A Call to Corporate Leadership – Join Together for Bold, Smart, Swift Action to Improve the US Recycling System
This guest blog was written by Keefe Harrison, CEO of the Recycling Partnership, and is slightly edited from the originally posting on their website.
In February 2020, the pressing need to protect our environment from plastic waste by activating a truly circular economy is top of mind. This is an important point in time to pivot our society’s current make-to-waste approach to a more circular economy – one that focuses on everything from smart chemistry and design, production, all the way through to reuse and recycling.
While companies begin to align around activating the circular economy in the U.S., the reality of delivering those goals shines a bright light on the need to first overhaul the U.S. recycling system. A challenge in its own right, it is magnified when put against the burden of inexpensive waste disposal, growing costs for communities, and the pricing disparity between virgin and recycled content plastics.
Now is the time for action.
It is clear…
This guest blog is courtesy of The Recycling Partnership.
Tired of the same old new year’s resolutions? You know, the ones you abandon before February? 2020 is the dawning of a new decade, not just a new year – why not resolve to recycle more where you work, live, learn, buy, and play? It’s not only a simple resolution, it’s one that benefits the environment, creates jobs, reduces litter, and benefits future generations.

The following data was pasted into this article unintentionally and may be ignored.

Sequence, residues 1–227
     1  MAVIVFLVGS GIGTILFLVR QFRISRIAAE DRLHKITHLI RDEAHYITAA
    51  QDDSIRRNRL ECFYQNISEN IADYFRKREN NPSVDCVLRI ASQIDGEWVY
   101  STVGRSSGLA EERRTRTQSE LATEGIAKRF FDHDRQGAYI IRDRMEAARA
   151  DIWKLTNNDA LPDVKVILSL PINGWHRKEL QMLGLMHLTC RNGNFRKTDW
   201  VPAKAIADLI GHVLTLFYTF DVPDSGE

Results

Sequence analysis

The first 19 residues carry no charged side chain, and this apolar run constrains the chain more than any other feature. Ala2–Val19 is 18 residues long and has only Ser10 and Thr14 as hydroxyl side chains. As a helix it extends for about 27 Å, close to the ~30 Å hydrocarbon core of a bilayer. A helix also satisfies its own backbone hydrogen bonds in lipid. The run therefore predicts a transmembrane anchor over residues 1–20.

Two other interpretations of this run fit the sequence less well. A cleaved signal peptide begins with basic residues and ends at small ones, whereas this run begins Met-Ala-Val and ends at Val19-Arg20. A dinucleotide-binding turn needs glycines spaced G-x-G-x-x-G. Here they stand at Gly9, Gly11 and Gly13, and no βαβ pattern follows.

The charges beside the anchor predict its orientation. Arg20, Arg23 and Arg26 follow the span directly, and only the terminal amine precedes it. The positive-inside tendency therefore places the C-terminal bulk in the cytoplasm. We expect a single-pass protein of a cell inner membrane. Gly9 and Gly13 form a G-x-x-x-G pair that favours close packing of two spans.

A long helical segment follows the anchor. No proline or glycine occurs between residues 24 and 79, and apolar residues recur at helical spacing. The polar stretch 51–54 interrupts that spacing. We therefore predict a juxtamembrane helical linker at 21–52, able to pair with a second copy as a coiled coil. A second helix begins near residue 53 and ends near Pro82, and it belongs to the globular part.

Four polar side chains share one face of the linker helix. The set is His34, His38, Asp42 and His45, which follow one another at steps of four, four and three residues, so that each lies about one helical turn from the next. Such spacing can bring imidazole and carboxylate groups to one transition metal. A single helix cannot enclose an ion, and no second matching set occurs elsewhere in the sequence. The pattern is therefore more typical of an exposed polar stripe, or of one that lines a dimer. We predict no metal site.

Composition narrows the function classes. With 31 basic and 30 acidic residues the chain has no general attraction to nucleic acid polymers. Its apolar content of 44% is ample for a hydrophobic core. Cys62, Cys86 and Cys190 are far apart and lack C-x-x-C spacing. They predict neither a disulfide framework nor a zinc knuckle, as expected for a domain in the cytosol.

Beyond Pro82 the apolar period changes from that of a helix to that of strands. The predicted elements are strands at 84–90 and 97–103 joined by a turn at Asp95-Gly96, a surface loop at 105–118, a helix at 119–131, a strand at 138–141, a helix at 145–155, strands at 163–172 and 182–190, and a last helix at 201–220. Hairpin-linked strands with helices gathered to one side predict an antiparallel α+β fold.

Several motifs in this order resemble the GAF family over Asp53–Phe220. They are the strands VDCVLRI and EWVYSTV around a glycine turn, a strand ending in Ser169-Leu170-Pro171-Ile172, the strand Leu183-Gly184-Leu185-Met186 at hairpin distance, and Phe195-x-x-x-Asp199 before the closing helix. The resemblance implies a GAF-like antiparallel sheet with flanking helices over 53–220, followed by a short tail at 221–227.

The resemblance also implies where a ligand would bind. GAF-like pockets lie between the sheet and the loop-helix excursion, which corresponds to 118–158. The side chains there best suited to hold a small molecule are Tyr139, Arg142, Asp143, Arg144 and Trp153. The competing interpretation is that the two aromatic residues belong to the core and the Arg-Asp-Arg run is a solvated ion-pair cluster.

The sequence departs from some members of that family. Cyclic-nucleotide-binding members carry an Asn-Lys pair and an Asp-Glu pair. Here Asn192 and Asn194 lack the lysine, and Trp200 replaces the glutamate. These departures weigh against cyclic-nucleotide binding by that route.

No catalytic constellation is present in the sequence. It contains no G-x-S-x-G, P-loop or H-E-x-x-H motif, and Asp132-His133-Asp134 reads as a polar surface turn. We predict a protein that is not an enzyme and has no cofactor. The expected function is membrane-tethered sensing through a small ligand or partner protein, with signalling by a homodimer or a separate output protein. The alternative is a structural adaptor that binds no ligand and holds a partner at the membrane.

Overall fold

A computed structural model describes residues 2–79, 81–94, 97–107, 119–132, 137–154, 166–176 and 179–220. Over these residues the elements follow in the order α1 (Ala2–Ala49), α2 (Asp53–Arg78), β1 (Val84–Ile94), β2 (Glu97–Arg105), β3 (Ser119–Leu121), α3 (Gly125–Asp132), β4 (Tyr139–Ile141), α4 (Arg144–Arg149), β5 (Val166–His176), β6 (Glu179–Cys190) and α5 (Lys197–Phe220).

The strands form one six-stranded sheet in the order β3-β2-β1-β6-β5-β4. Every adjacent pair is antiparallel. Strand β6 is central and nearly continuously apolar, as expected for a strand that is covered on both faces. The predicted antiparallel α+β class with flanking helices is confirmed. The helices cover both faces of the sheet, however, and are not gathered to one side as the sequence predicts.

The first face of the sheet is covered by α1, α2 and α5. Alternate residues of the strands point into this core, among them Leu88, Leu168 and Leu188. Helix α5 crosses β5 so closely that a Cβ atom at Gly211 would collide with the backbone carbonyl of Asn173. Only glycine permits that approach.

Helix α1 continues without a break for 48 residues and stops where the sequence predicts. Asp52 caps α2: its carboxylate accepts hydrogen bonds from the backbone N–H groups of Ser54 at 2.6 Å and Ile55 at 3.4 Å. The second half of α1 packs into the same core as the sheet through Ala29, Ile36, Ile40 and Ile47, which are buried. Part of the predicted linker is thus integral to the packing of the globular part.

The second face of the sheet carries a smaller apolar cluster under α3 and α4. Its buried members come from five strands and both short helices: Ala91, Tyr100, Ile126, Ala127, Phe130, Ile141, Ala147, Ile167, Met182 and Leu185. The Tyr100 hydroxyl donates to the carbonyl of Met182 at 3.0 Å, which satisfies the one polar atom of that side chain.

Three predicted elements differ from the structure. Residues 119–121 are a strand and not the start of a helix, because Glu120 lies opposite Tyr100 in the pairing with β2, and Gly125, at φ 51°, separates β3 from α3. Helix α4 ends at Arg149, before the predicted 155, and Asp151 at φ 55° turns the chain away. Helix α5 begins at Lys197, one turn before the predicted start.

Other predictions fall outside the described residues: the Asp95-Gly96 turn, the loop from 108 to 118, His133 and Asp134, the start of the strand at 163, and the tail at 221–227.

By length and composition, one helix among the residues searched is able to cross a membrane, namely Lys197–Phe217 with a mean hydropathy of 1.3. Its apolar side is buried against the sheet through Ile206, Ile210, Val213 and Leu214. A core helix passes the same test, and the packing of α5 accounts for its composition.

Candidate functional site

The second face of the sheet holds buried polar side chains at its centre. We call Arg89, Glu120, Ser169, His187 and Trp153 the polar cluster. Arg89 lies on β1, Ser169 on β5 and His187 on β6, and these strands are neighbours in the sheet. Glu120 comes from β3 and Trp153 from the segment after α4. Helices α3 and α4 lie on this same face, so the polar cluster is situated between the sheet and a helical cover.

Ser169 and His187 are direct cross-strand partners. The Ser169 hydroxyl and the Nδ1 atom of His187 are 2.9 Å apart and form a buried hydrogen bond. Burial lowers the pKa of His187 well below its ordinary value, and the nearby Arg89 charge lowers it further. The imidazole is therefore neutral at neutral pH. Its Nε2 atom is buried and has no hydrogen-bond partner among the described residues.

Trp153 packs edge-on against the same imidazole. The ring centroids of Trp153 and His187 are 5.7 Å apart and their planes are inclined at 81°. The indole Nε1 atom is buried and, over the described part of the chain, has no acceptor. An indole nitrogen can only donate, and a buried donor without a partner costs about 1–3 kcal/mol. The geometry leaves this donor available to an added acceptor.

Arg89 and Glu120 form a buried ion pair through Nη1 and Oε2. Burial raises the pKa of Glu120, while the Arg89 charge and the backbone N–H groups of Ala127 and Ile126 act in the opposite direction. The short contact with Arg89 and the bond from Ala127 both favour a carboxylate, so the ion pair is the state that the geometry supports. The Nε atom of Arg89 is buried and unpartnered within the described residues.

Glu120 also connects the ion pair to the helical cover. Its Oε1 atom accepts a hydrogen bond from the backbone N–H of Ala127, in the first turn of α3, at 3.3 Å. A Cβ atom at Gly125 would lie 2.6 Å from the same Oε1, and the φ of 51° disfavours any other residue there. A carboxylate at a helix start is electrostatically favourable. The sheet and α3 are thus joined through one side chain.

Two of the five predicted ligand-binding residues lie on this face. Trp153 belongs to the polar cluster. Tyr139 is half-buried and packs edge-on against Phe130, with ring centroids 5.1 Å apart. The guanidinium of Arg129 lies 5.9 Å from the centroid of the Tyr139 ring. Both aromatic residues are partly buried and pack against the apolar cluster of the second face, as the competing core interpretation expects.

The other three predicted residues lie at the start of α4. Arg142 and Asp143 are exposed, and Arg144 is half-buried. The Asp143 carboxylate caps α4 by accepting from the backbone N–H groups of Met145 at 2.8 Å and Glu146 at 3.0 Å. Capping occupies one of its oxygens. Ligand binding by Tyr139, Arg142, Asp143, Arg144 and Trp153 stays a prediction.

But first, let’s recap why we should all recycle.
Why recycle? What are we wasting for™?
- Recycling benefits the environment by diverting hundreds of millions of pounds of valuable materials from landfills and avoiding millions of metric tons of greenhouse emissions annually, creating healthier air and cleaner waterways. Recycling also reduces the need for sourcing new raw materials through mining and logging, which can create water pollution and emit greenhouse gases. It also saves energy used to produce new products from raw materials.
This guest blog is courtesy of the Reusable Packaging Association, and was originally posted on its website. The blog was written by Tim Debus,
President & CEO.
With systems design for a circular economy, packaging can be recovered for reuse and designed for optimal performance and impact.
There is a simple question to verify whether you are enabling a circular economy for your packaging. Are you designing a packaging product for use in a system that achieves full recovery after each use? Answering “yes” builds a circular model; answering “no” leads to a linear model. And if you are unsure, then there is an open opportunity – if…
U.S. PIRG and Frontier Group collaborate on a report detailing best practices for municipal compost programs.
According to a report delivered earlier this year, “Only 326 towns and cities out of more than 19,000 nationwide offer curbside food waste collection.” And even that small number represents an increase of 65 percent in the past five years! In my hometown of Brattleboro, Vermont, I’m fortunate in that our local transfer station—Windham Solid Waste Management District—offers weekly curbside pickup of compost, “diverting approximately 104,000 pounds of compostable materials per month from landfills.”